And if you're absolutely determined to just scrap your novel and start fresh, try brainstorming about that awesome new idea. Chances are, you'll find that it's not as shiny and special as you thought it was while plowing through the doldrums of your current project. If it is, take the time to journal about it. Find some fresh new music and let that be the soundtrack to your brainstorming session. This is something I recommend all writers do especially if you're like me and you get loads of new ideas every writing session that you can't just drop into your current project. Brainstorming new ideas is a great mental workout that will often pull you out of the doldrums and set you with the inspiration to write.

What are your thoughts on listening to music while writing? Tell me in the comments!

Friday, May 5, 2017

One Weird Trick for Boosting Your Writing Productivity

What's the difference between 10,000 word days and 500 word days? Or, maybe you're having a bit of writer's block and can't seem to stop surfing the net for a cure? We've all been there, trust me. What's the cure-all for slow writing days and days where you feel like you can't write anything at all?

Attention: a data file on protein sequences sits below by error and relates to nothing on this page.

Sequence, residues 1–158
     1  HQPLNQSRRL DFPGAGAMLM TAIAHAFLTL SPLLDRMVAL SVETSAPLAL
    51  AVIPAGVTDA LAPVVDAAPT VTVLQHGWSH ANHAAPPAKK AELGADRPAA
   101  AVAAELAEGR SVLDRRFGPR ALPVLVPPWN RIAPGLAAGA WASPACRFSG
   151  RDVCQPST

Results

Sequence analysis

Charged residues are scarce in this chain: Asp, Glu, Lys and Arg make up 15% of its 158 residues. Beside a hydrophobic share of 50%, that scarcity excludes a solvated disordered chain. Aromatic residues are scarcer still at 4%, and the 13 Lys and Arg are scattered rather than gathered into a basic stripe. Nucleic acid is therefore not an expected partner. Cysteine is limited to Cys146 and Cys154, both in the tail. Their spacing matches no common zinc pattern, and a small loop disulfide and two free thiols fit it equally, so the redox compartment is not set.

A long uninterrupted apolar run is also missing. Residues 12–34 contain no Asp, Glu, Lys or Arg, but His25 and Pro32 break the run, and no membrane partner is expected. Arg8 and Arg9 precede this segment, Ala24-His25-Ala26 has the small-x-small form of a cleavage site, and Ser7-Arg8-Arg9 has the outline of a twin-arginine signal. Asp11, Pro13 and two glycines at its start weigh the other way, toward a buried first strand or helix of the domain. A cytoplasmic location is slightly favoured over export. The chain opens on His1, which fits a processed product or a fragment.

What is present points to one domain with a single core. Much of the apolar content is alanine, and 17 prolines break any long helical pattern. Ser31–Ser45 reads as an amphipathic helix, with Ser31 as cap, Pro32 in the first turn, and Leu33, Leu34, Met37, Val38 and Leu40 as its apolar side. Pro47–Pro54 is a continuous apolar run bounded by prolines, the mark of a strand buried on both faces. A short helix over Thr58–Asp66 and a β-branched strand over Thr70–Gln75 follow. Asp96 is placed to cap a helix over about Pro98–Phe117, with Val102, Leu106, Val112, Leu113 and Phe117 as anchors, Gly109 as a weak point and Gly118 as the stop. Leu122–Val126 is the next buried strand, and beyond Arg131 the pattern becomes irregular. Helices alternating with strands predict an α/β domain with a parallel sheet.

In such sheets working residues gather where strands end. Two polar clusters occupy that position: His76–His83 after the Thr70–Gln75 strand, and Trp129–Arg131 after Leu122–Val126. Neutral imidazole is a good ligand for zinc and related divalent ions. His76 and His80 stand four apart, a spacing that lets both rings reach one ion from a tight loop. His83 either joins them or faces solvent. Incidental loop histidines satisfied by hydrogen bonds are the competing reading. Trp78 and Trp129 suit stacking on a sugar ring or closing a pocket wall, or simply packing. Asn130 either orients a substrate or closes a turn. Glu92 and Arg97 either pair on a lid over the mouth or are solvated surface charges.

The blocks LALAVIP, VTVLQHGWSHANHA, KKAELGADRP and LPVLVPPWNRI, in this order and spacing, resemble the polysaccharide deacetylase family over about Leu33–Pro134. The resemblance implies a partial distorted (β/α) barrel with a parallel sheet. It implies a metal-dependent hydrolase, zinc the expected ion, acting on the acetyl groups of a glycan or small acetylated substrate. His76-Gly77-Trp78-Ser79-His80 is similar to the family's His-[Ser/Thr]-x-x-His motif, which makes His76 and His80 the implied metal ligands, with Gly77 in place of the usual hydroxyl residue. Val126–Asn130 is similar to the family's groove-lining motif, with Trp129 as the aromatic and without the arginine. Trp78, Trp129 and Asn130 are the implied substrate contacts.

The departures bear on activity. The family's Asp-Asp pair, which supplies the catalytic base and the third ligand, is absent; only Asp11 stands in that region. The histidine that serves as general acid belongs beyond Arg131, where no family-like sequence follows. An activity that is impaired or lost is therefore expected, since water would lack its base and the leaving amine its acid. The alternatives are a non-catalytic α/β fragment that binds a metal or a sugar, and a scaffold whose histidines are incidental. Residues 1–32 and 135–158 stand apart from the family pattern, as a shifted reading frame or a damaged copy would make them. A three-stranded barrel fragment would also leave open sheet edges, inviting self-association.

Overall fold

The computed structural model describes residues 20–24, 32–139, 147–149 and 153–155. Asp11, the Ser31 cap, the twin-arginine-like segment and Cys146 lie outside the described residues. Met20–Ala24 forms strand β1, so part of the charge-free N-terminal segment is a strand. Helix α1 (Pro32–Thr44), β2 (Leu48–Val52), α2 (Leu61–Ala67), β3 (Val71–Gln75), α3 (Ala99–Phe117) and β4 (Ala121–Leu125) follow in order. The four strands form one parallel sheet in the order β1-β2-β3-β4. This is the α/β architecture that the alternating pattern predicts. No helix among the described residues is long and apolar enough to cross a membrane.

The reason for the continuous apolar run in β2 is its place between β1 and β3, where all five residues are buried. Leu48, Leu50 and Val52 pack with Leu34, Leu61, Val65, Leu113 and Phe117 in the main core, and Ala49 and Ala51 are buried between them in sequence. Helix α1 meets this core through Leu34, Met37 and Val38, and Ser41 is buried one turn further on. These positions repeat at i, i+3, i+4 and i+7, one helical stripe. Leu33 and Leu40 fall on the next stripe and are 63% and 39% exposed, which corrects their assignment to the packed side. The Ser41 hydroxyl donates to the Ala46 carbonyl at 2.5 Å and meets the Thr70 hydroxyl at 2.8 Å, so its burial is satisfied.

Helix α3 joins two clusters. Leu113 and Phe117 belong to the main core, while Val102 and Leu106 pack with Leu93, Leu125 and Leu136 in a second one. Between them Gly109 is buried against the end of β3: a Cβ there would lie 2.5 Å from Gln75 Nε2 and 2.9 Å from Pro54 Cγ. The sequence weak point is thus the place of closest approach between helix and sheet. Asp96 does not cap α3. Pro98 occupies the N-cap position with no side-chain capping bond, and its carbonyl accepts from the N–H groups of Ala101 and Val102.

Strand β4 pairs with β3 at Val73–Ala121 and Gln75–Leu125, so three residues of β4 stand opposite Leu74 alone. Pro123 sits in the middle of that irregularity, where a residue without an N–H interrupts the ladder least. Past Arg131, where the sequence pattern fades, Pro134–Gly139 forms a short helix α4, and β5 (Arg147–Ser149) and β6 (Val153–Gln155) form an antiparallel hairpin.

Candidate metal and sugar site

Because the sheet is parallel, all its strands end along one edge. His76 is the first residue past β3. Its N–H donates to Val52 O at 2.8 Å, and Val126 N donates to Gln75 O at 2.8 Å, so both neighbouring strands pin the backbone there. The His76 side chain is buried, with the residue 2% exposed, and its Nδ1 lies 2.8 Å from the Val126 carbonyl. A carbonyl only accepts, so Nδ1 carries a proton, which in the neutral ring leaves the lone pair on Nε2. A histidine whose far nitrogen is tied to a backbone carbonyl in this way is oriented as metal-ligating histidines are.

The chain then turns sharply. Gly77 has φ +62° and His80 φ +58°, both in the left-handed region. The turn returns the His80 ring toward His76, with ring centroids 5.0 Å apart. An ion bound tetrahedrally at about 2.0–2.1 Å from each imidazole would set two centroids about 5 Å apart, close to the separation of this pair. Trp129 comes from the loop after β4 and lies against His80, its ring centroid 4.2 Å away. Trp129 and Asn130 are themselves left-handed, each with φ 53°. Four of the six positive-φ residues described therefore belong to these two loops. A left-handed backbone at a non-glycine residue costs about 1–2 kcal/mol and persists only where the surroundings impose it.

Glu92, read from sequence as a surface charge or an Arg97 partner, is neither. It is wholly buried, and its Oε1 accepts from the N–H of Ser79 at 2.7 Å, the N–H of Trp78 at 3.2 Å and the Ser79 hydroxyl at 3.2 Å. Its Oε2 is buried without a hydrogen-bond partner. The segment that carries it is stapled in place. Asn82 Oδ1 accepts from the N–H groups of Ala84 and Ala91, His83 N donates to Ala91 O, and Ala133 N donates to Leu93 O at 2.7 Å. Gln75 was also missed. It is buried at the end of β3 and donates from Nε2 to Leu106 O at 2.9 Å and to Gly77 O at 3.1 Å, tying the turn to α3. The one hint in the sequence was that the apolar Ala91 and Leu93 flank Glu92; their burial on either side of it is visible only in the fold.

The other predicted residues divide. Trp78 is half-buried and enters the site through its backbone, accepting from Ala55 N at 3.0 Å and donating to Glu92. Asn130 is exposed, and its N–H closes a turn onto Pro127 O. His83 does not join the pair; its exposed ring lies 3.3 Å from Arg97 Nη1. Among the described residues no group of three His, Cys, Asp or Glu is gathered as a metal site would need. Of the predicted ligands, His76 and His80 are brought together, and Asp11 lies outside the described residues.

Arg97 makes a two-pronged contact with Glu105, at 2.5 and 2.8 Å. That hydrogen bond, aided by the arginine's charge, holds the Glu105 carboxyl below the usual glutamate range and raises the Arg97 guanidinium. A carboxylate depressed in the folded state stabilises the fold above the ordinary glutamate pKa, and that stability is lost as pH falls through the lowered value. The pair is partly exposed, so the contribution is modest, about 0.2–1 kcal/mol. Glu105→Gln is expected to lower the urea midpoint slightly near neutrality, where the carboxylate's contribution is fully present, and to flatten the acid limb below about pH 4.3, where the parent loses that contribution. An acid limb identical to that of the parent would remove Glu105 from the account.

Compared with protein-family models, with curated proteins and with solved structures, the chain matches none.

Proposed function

There, I said it. Time.

When we feel as if a project is too big for us we freeze up. Maybe there's a pretty awesome fight scene you've outlined thoroughly, but when you're about to place pen to paper you worry--am I really fit to write this? I am ready?--and eventually, that worry turns to inaction. Not only have you not written the fight scene, but you've turned away from your word processor to google--fight scenes, fight scenes, fight scenes--and no article is turning up the information that you need. Trying to get past a block like this? It's easy.

Set a timer.